We give employees like you the best chance of winning your case.


We fight for the rights of employees wronged in the workplace.


No Fee Unless You Win.


Your first consultation is always free.

Independent contractor misclassification is becoming more prevalent
Worker Misclassification in California
California’s employers are some of the largest abusers of independent contractor status

The primary factor in determining whether an individual is an employee, as opposed to an independent contractor, is the employer's "right to control" your work. The more you seem like any other employee, and the less control you have, the more likely it is you have been misclassified as an independent contractor. Unfortunately there is no simple black-and-white test to determine what kind of control your employer must exercise, for you to be considered an employee. The San Francisco employment attorneys at McCormack Law Firm can assess whether you have been misclassified as an independent contractor.

The most important factors in misclassification of independent contractors

The more you seem like any other employee, the more likely you have been misclassified as an independent contractor. Courts will balance these factors to determine whether you are an employee or independent contractor. Here are four of the most important factors

1 Whether you have to work at a specific time and place
2 Whether you receive training and how closely you are directed
3 Whether your employment ends at a certain date or is ongoing
4 Whether you are paid a salary

Sales Commissions

Any payment indexed to sales you make is a sales commission, even if your employer calls it a bonus or something else. Commission plans must state in writing the conditions for earning the commission and the calculation formula. If you complete a sale and meet all requirements of your commission plan, then you are owed that commission. The employer cannot change the plan after the fact or later claim that the commission plan is discretionary. Even if you quit or are terminated before the payout date, you may be owed some or all of your commissions for sales that you made. Furthermore, as discussed above, some inside sales persons are owed overtime, and in that case, the commission is factored into your overtime rate.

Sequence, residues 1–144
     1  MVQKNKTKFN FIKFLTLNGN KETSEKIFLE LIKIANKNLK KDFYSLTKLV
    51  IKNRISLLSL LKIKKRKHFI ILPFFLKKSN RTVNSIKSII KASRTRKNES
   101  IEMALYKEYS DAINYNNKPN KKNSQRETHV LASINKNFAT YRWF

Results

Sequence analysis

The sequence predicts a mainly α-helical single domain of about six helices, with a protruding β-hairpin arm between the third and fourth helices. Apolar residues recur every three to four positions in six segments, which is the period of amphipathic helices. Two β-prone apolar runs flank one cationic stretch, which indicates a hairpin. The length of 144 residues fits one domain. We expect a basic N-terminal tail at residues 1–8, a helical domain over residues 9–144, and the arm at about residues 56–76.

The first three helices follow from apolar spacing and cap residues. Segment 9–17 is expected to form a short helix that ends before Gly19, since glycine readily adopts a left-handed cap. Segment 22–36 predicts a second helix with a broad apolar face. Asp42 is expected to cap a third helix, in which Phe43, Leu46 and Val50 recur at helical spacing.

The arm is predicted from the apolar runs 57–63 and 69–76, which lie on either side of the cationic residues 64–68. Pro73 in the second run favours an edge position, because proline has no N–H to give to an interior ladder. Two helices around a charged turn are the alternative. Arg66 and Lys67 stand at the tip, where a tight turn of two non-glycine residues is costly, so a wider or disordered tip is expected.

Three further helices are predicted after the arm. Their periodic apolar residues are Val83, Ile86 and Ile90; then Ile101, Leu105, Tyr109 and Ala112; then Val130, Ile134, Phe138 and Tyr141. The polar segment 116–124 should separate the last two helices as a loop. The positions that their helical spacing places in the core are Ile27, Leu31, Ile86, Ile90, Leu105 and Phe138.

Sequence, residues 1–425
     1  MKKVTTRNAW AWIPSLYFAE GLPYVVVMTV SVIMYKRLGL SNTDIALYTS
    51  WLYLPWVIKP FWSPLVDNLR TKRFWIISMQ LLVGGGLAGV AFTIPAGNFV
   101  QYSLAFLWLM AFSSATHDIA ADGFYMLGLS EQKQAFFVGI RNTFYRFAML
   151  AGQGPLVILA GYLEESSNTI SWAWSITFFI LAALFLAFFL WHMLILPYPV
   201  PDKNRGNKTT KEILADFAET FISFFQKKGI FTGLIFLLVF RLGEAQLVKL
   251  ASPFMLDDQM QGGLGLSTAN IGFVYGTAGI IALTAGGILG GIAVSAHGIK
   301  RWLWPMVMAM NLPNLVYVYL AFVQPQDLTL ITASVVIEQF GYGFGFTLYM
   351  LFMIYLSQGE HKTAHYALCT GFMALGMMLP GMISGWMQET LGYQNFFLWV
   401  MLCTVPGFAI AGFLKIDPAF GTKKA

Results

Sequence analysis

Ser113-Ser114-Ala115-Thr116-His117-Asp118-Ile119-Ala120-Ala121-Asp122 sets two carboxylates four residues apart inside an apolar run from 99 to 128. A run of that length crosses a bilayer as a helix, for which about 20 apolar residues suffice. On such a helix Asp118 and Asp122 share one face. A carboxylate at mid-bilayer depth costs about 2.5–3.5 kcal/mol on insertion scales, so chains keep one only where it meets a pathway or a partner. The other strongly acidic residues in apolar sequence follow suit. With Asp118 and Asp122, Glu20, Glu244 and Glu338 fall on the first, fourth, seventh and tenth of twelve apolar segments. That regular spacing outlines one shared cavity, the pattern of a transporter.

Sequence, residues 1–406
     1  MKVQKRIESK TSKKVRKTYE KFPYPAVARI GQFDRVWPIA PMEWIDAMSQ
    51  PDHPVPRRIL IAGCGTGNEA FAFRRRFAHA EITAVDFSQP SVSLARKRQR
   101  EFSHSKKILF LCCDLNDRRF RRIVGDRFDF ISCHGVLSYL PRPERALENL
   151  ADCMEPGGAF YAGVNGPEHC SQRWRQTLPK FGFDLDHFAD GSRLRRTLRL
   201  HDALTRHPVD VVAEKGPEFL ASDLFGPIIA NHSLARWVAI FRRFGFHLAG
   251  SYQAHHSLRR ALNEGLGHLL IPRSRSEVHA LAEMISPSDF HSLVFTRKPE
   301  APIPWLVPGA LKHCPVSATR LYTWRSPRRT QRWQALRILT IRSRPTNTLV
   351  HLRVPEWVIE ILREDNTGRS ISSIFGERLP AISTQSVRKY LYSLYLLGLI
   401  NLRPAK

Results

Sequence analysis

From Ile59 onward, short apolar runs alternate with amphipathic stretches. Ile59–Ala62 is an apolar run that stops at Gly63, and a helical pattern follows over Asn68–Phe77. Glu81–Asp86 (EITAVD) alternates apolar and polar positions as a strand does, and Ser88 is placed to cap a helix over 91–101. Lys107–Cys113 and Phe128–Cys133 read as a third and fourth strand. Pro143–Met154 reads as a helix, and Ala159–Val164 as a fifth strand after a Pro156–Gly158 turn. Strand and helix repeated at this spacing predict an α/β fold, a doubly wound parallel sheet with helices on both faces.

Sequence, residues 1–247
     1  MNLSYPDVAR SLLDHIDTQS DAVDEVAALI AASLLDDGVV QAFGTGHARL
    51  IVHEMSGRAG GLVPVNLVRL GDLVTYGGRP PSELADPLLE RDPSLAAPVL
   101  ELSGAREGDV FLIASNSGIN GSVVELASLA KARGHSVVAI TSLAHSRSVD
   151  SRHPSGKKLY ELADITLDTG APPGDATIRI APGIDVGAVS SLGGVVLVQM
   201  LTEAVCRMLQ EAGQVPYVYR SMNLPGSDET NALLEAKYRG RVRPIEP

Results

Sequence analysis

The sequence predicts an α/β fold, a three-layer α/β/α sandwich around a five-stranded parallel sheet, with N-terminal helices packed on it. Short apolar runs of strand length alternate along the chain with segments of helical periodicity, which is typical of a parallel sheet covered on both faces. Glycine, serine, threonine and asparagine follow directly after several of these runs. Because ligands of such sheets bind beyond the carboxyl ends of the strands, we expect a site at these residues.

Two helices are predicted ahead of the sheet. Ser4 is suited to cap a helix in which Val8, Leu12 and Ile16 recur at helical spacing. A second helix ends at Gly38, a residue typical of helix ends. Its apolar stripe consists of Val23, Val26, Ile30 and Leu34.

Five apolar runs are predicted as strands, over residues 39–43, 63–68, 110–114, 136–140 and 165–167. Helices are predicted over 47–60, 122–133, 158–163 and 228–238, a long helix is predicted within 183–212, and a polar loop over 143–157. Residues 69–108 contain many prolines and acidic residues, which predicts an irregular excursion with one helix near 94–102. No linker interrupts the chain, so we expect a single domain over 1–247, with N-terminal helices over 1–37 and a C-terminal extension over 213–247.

Misclassification of a salesperson and unpaid commissions

Our client was misclassified as exempt when he was hired as a salesperson. After he was terminated from the position, his employer refused to pay the commissions and overtime he was owed.


Once he reached out to the employment attorneys at McCormack Law Firm for help, we realized that he had been improperly misclassified as exempt when in fact he was a nonexempt employee. We filed a lawsuit on his behalf and were able to recover more than he originally thought he was owed.

An inside salesperson was classified by his employer as exempt when he was hired.
The company refused to pay him his commissions on sales that he had closed.
The salesperson was terminated and was not paid all his earned commissions.
He was owed a substantial amount of overtiam pay in addition to his commissions.
We filed a lawsuit on his behalf and were able to recover more than he originally thought he was owed.
Client testimonials

This law firm was the only one to answer the phone out of the 15-20 law firms that I called that day. I had a wrongful termination case and Bryan really took the time to listen and understand what happened in my situation, and he knows the law to a T. – Shanic M.

I was owed wages and overtime and my employer refused to pay me. So I hired them to file a lawsuit. Bryan easily understood my very complicated case and I am happy with the results. – Ebi Z.

I didn’t have to pay anything, the firm took the whole risk of managing the case. Through the 14 months, Bryan always kept me updated, was very responsive and patient to questions I had. We achieved a resolution out of court in my favor, making me even happier about the experience. – Peter S.

I can honestly say that my experience with Bryan was all the way positive from day one… We had very high expectations about our case and in the end we got what we hoped for. – Roger J.

I won my trial and I got more than I expected. Everyone in the office is so nice and helpful. Even after everything was finished I could call a few weeks after and ask questions to make sure I was protected and they are more than helpful. – Husain N.

I never had to pay Bryan anything up front, nor was ever pressured to settle early. We ended up settling morning of the trial. Bryan is a really sharp, aggressive, seasoned attorney and knew the law inside and out about whistleblower cases. – Kyle B.

Call for a free case evaluation

We understand it can be difficult to understand all of the rules surrounding overtime pay, minimum wage, and laws pertaining to unpaid wages. The experienced unpaid wages lawyers at McCormack Law Firm are available to answer your questions or concerns. Please call us for a free consultation.

Call: 415.925.5161